The Zimbabwe School Examinations Council (Zimsec) has distanced itself from a collation of Grade 7 results showing a staggering number of schools, especially in Matabeleland, recording zero passes.
Zimsec released the 2020 Grade 7 results on Friday showing a sharp decline in the pass rate from the previous year.
A ranking of schools that has been circulating on social media showed at least 88 schools countrywide recorded zero percent pass rates.
According to the ranking, nine of the top-ranked schools were in Harare while Bulawayo did not have a school in the top 40.
Most of the worst performing schools, with zero percent pass rates, were said to be in Matabeleland.
However, Zimsec spokesperson Nicholette Dhlamini yesterday said the examinations body did not rank the schools according to the results.
“That report circulating on social media did not originate from Zimsec. We don’t rate individual schools, but I can confirm that there was a drop in the pass rate by 9.79% compared to the 2019 results,” Dhlamini told The Standard.
“The global trend due to the Covid-19 pandemic affected all learners in one way or the other, so it would have been expected that there would be a decline because of the situation learners found themselves in.”
On Friday, Zimsec board chairperson Eddy Mwenje said of the 327 559 candidates that sat for the examinations, 167 602 (51.17%) were females while 159 957 (48.83%) were males.
“The 2020 national pass rate is 37,11%, which is lower than the 2019 national pass rate, which was 46,9 %,” Mwenje said.
“This translates to a decrease of 9, 79%.
“The pass rate for female candidates was 39.67% compared to 34.42% for males.
“Indigenous languages recorded a high subject pass rates when compared to performances in English, Mathematics, Agriculture and General Paper.”
The ranking, that has now been disowned by Zimsec, generated a lot of debate on social media. President Emmerson Mnangagwa’s spokesperson George Charamba posted a screenshot of the purported rankings and immediately put the blame for the alleged poor performance of the students on Amalgamated Rural Teachers Union of Zimbabwe (Artuz).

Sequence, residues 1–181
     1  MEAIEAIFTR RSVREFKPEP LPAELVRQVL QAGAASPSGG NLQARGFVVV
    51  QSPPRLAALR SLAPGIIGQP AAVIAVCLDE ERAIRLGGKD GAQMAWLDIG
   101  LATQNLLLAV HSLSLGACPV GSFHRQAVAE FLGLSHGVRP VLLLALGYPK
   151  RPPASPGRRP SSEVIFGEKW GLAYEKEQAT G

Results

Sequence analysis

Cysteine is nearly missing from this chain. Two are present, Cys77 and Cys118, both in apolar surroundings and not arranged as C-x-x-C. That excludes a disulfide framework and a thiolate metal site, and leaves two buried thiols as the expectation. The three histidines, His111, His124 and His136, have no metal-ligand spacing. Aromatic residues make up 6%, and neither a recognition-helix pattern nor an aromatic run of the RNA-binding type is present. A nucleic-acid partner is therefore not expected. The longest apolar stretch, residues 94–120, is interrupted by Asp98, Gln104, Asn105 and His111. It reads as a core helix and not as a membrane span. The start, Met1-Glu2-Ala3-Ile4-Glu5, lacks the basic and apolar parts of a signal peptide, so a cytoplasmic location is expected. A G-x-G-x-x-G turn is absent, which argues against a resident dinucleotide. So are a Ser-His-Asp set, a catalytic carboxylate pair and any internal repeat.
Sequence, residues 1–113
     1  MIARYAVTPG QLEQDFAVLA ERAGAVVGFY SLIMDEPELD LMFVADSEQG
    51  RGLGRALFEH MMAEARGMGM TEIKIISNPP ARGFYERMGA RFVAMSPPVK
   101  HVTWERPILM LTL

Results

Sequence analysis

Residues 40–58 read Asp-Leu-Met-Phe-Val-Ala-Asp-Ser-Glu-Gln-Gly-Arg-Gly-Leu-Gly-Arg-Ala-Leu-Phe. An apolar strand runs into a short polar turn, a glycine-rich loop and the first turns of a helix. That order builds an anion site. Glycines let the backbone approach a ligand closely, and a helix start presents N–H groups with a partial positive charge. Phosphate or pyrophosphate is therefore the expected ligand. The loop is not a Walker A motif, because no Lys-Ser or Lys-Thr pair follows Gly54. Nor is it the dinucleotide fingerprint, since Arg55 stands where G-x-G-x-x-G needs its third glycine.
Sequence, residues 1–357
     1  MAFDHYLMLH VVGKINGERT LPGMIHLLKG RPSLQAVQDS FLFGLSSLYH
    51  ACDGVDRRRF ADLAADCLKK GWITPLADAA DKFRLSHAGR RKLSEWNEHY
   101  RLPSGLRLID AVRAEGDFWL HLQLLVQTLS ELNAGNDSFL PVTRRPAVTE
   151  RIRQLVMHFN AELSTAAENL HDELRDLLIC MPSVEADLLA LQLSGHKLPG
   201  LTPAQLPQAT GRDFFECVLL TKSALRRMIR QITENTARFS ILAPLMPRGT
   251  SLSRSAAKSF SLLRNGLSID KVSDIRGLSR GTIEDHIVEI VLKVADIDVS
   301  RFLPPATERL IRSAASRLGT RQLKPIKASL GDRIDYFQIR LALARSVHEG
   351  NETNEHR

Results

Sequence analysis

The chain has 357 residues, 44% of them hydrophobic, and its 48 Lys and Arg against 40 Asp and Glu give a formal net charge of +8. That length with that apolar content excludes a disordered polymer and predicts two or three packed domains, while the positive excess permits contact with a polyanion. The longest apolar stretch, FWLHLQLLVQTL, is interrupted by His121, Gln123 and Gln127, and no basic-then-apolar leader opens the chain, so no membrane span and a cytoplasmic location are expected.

Charamba’s tweet drew the ire of Artuz secretary-general Robson Chere.
“The fact that the administration chooses such an airhead to speak for the president says all about the calibre of the same administration,” Chere said.
“Last year was characterised by total incapacitation of teachers, who at one point were earning less than US$50.
“We agree that teachers play a decisive role in the advancement of education.
“It’s, however, not a secret that educators are not miracle-workers.”
He said the Covid-19 pandemic rendered teaching and learning almost impossible last year and government effected lockdowns with learners spending considerable time at home.
“Artuz was on record advising and even demanding that no exams should be administered for the simple reason that learners did not learn,” Chere said.
A Chinhoyi teacher, Rosten Mtapa, said the writing was on the wall as government decided to ignore calls by unions to address teachers’ welfare.
— The Standard